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Photograph of the Celebration of the Christian Catholic feast of Corpus Christi in Baghdad in the 1920's. The Patriarch, Bishops, and Priests of the Chaldeans (the most numerous of Iraq's Catholics), the Syriac Catholic and Armenian Catholic Bishops are seen with their priests, deacons and students marching through the streets of Baghdad close to the old Iraqi-Christian Quarter of Aqd al-Nasara.

The history of Armenians in Iraq is documented since late Babylonian times. The Tigris and Euphrates rivers both have their sources in the Armenian Highland,[1] hence, the land of Iraq and the land of Armenia have always been connected. Today it is estimated that there are around 30-000-60,000 or more[2] Armenians living in Iraq, with communities in Baghdad, Mosul, Basra, Kirkuk,[3] Baqubah, Dohuk, Zakho and Avzrog.[4] They make up the second largest solely Christian ethnicity in the country, after the indigenous Assyrians. Armenians in Iraq largely follow Oriental Orthodoxy, of which a large proportion of Iraqi Christians also follow, and there has been widespread intermarrying between Iraqi-Armenians and Iraqi-Assyrians who belong to the Syriac Orthodox Church, therefore there numbers may be much higher than recorded, and many Assyrians may have Armenian ancestry. However, the exact number of Iraqi-Armenians is not verifiable as the last census took place about 30 years ago during Saddam Baathist rule, where many Christians were forced to identify as Arab even though the majority of Iraqi Christians are non-Arab. A Iraqi census for 2020 is planned, which should clarify the numbers of the different ethnoreligious groups that inhabit Iraq.[5][6][7] Despite their relatively small population compared to the Armenian communities in neighbouring countries, Iraqi-Armenians have been very influential in Iraqi society. Popular Iraqi-Armenian musicians include Seta Hagopian, as well as Affifa Iskandar, who is one of the most famous and influential singers within national Iraqi history. Two of the members of techno pop-rock Iraqi group, Unknown to No One, are of Armenian descent. Armenian cultural organizations in Baghdad include the Central Committee of the Armenian Orthodox in Iraq, the Armenian General Benevolent Union, the Armenian Sports Club, the Armenian Youth Association, Iraqi Armenian Women’s Cultural Association and the Martyr Ohan Sport Club. Armenian is a recognised language in the Iraqi constitution.[8] Armenian Orthodox make up the majority of Iraqi-Armenians, the other minority being Armenian Catholics.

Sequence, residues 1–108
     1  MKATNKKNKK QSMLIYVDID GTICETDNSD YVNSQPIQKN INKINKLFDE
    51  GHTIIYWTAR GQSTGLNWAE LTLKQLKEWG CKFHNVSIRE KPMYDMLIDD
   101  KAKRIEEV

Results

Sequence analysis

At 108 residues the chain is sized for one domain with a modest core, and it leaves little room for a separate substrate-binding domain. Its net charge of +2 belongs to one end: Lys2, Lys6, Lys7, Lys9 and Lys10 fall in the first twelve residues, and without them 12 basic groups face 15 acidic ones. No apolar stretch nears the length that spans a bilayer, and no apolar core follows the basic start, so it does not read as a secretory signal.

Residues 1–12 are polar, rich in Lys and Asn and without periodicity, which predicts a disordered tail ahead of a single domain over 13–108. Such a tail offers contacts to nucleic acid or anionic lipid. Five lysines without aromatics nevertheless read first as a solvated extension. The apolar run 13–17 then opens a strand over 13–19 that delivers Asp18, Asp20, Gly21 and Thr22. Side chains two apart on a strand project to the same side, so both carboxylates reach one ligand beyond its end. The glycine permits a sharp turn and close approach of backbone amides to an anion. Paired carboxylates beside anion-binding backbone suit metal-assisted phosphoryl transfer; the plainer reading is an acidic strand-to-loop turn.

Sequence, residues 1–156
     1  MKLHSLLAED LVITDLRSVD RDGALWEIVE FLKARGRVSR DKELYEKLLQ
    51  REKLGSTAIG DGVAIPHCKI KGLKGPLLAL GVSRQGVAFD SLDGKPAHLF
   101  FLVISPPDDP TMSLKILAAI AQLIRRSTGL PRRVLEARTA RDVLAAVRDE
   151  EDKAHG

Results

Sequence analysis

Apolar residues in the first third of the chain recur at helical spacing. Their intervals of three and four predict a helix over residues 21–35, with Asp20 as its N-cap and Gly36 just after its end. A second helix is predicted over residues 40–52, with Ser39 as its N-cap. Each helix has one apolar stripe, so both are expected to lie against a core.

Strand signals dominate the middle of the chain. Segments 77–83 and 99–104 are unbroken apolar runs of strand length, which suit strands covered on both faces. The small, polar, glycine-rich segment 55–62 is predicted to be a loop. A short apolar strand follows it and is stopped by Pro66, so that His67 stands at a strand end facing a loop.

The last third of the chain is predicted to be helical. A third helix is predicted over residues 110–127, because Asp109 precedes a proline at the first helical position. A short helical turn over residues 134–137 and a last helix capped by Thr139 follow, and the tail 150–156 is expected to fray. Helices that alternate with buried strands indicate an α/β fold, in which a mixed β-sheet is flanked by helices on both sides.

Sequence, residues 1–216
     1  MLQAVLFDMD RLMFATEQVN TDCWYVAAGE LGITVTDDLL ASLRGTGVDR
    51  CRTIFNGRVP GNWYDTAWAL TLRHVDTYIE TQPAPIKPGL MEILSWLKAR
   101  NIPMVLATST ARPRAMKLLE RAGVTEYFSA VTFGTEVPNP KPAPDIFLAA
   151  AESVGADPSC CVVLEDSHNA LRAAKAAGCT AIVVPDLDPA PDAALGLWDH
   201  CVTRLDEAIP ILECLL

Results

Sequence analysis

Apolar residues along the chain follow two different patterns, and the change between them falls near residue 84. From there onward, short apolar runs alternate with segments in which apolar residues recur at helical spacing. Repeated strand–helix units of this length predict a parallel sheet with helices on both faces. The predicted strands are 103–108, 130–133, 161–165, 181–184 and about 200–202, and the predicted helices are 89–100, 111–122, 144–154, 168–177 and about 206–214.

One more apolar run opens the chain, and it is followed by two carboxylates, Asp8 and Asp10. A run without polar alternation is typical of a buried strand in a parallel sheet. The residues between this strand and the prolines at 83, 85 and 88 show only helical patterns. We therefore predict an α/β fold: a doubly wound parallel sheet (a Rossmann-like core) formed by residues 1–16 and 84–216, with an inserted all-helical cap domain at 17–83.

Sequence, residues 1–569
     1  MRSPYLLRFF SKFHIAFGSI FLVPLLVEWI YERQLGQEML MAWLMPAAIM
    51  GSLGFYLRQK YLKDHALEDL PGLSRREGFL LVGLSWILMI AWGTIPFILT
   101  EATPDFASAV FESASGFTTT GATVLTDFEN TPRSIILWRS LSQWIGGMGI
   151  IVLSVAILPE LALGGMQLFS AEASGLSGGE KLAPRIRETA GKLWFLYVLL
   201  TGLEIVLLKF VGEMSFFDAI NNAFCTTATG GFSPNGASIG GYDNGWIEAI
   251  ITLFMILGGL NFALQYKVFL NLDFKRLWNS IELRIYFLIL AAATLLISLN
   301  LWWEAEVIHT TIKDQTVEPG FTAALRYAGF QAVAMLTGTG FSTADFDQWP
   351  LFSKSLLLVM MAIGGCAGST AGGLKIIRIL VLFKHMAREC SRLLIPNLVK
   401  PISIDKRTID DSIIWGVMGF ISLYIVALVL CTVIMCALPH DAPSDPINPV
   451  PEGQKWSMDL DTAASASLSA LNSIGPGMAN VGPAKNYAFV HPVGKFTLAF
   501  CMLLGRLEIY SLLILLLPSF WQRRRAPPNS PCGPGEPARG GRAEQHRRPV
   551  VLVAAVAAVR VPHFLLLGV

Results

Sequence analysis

Armenian children in Baghdad, 1918

The history of Armenians in Iraq is documented since late Babylonian times. However, the general roots of the contemporary Armenian community in Iraq can be largely traced to Shah Abbas's forced relocation of the Armenians to Iran in 1604, some of whom subsequently moved on to settle in Iraq.[9] A further 25,000 Armenians arrived in Iraq during the early twentieth century as they fled the persecution of the Armenian Genocide.[9][10] They established schools, athletic and cultural clubs, and political and religious institutions in urban centers across the breadth of Iraq.[11]

During the 1980s, the Armenian community flourished as a result of President Saddam Hussein's modernization efforts, as it continued to rebuild its cultural institutions and even consecrated an imposing cathedral in Baghdad.[9] Saddam retained many Armenians among his personal entourage: his nanny was Iraqi-Armenian, along with one of his body guards, his jeweler, tailor, and housestaff.[12] One of his mistresses was Juliet N. Gurjian. The Armenians benefited under the secularist rule of the Baath party, which strongly suppressed the Islamist forces especially the Shiite Iraqi elements that would later rise against Saddam. The Armenians also did not support anyone in the opposition so the Hussein regime count on their loyalty and consequently grant them many rights. During Christmas, Saddam Hussein would order large amount of flowers to be taken to the Baghdad Armenian church.

Armenians and the political situationEdit

After the launch of the second Iraqi campaign, more than 3,000 Armenians left the country, head of National Management of Armenians in Iraq Paruyr Hakopian stated. “Four years have passed since the launch of military campaign in Iraq by Coalition forces. And I confirm with certainty that the number of Armenians who have immigrated abroad does not exceed this mark,” he noted. Mr. Hakopian said four years ago there were 18,000 Armenians in Iraq and now only 15,000 of them live in the country. Generally during the past 4 years 1,500 Armenians immigrated to Syria, about 1,000 arrived in Armenia and about 500 departed for Jordan,” he stressed.[13]